A photo of Topaz camp circa 1944. One of these buildings served as my lunchroom at Hinckley Elementary School.

The Hinckley students would have to walk from the school along a sidewalk to the north of the school and wait in line outside for our turn to get a tray and collect our lunch from the counter before sliding into a long table and eating a hurried meal so there would be enough time to have fun on the playground. Some of my favorite memories of recess activities were playing Go-To-The-Bars on the swings. It was a tag-type of game where the one who is ‘it’ tries to catch someone who isn’t clinging to one of the metal bars between swinging. We had elaborate rules including having to swing at least once between the time ‘it’ ran from the end poles. The other favorite recess activity was spinning on the monkey bars. We used our coats to limit the friction and would use one knee up on the bar and then spin around and around. I would do it until I was so dizzy I couldn’t stand up, it was so much fun! It did cause a problem when we moved to Pleasant Grove in third grade because I tried to show someone the trick and realized the bars were closer together at that school when my nose impacted on the lower bar. I had never before or since seen so much blood as the day I broke my nose.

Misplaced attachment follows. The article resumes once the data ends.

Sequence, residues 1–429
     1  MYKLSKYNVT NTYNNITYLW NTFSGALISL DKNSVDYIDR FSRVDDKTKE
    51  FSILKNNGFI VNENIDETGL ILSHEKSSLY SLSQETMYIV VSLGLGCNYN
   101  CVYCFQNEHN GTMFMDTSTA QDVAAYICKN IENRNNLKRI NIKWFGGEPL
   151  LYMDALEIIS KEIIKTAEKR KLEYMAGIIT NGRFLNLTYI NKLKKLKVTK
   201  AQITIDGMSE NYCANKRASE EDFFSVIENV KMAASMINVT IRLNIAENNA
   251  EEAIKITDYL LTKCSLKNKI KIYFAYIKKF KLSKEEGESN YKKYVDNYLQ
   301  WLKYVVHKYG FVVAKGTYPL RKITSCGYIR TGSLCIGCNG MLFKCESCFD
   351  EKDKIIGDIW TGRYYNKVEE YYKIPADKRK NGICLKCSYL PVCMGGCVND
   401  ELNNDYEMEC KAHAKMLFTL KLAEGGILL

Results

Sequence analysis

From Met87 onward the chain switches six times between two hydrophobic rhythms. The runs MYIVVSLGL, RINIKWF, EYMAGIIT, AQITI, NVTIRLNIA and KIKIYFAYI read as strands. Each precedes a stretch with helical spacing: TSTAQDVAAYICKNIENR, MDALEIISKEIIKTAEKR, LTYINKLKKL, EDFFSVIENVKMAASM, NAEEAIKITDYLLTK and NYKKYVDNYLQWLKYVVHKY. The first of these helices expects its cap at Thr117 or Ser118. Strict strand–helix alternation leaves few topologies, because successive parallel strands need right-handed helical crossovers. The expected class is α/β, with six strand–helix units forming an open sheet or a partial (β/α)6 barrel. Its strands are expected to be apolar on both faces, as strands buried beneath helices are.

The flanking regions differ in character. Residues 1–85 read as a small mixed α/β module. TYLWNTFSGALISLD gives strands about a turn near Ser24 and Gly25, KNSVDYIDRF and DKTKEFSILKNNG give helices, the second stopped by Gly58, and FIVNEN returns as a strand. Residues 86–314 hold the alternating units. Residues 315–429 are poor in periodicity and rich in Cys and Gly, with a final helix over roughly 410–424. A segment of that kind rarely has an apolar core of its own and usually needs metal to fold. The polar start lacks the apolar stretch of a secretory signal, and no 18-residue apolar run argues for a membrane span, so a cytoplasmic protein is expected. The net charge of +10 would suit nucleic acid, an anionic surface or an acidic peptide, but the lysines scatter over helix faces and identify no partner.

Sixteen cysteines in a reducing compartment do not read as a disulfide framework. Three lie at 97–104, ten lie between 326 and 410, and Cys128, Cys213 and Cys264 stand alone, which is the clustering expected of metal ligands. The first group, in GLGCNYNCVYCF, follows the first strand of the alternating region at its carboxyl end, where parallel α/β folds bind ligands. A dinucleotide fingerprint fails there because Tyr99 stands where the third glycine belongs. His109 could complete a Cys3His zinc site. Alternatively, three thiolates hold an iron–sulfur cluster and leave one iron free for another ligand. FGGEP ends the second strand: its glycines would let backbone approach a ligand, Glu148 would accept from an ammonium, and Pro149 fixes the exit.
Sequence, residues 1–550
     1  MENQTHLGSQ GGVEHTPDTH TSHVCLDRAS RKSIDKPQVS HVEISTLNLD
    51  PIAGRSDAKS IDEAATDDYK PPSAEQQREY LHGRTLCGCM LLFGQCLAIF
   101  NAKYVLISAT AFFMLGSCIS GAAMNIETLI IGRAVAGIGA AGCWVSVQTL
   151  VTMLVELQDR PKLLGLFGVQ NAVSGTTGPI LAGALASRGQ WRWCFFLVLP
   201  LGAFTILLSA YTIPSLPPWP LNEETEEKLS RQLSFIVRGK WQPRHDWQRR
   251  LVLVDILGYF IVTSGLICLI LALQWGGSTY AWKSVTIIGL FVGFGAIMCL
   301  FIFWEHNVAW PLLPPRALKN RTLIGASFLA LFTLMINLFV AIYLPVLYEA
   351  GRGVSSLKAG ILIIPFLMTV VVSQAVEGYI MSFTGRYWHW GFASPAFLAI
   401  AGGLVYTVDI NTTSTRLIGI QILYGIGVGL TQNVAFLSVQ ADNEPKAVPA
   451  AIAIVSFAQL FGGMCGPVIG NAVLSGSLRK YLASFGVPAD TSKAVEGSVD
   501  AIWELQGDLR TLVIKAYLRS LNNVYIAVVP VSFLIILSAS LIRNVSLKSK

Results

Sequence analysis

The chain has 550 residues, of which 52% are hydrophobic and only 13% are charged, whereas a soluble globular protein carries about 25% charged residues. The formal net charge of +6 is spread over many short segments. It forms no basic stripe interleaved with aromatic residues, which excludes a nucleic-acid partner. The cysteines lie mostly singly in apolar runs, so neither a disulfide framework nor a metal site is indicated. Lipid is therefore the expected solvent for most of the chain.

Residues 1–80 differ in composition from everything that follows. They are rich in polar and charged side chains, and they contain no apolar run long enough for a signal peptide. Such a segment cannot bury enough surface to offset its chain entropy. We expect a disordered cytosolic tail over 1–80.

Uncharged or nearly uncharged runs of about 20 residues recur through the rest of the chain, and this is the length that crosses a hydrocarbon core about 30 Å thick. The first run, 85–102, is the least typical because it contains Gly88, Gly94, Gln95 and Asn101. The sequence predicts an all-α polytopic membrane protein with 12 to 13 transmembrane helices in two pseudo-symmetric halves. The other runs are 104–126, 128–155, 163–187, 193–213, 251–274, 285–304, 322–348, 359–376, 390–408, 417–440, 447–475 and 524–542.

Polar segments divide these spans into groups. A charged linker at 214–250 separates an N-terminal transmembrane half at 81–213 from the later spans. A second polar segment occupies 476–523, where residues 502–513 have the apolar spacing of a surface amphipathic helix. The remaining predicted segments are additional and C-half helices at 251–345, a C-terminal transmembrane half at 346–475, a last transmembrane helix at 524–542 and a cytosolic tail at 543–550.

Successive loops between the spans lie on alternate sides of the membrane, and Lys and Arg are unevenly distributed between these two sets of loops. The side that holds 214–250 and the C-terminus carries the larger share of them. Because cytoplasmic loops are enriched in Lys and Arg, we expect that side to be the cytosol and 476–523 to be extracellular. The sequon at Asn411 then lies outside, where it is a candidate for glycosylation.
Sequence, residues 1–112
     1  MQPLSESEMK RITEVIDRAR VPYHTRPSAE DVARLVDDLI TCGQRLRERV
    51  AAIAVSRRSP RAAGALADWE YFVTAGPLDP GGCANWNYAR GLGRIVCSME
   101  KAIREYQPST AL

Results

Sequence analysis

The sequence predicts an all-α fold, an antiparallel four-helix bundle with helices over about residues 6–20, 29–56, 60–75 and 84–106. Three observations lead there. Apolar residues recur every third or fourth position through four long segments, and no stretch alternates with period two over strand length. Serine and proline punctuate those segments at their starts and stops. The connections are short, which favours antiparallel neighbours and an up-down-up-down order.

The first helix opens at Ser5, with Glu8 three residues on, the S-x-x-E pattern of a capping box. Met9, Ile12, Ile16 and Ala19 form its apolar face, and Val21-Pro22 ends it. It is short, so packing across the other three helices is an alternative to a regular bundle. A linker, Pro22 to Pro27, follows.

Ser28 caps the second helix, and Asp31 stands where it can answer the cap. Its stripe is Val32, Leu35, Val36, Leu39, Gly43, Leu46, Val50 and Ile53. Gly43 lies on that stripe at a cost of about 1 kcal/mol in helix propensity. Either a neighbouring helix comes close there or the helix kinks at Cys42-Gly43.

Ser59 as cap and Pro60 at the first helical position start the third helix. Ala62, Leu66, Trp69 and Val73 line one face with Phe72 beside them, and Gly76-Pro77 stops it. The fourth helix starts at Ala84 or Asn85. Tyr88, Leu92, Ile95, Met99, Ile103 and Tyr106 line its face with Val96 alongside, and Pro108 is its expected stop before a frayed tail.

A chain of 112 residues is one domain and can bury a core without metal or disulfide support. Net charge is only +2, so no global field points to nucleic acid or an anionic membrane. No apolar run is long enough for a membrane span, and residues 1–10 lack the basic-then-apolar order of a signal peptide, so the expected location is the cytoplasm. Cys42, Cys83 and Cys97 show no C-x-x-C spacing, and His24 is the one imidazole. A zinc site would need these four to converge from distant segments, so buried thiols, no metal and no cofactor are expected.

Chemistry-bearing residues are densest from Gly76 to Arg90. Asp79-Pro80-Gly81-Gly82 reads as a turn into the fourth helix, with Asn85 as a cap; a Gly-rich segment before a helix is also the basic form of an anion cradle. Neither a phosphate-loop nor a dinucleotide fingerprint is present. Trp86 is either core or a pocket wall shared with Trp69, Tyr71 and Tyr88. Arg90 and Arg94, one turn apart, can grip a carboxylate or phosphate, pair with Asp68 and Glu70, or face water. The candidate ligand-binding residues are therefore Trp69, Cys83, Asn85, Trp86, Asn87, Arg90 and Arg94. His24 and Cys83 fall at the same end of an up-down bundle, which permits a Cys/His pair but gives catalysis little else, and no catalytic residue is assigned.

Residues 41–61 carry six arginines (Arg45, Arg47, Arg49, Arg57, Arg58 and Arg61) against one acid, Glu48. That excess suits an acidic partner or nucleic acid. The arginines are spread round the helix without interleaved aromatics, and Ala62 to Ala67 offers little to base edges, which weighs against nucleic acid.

I loved all of my Hinckley Elementary teachers, but the two who stand out most in my mind was Mrs. Hardy, my fourth and fifth grade teacher and Mr. Farnsworth, my sixth grade teacher. They were both instrumental in helping me discover who I was and finding worth in myself. Mrs. Hardy died of cancer a few months into my fifth grade year and that was a monumental occurrence in my life. I still think about her often and miss her.

In addition to teaching sixth grade, Mr. Farnsworth was also the school principal. He was an amazing man. I understand he is still alive and about four years ago I wrote him a letter to tell him how much I appreciated his efforts on behalf of his students. Until Mr. Farnsworth started teaching me, I was convinced I was stupid. He made me realize that I had strengths and abilities and always praised me in a way that made me want to do even better. While in sixth grade, we had a school paper, we put on several plays, we learned and performed different dances and we decorated the bulletin boards in the halls of the school. The sixth graders also were in charge of keeping the school grounds looking nice. We had a day in the fall and a day in the spring when we brought rakes and shovels to school and worked outside all day cleaning and pruning and burning to keep the grounds looking nice. I have never before or since heard of a school that does that.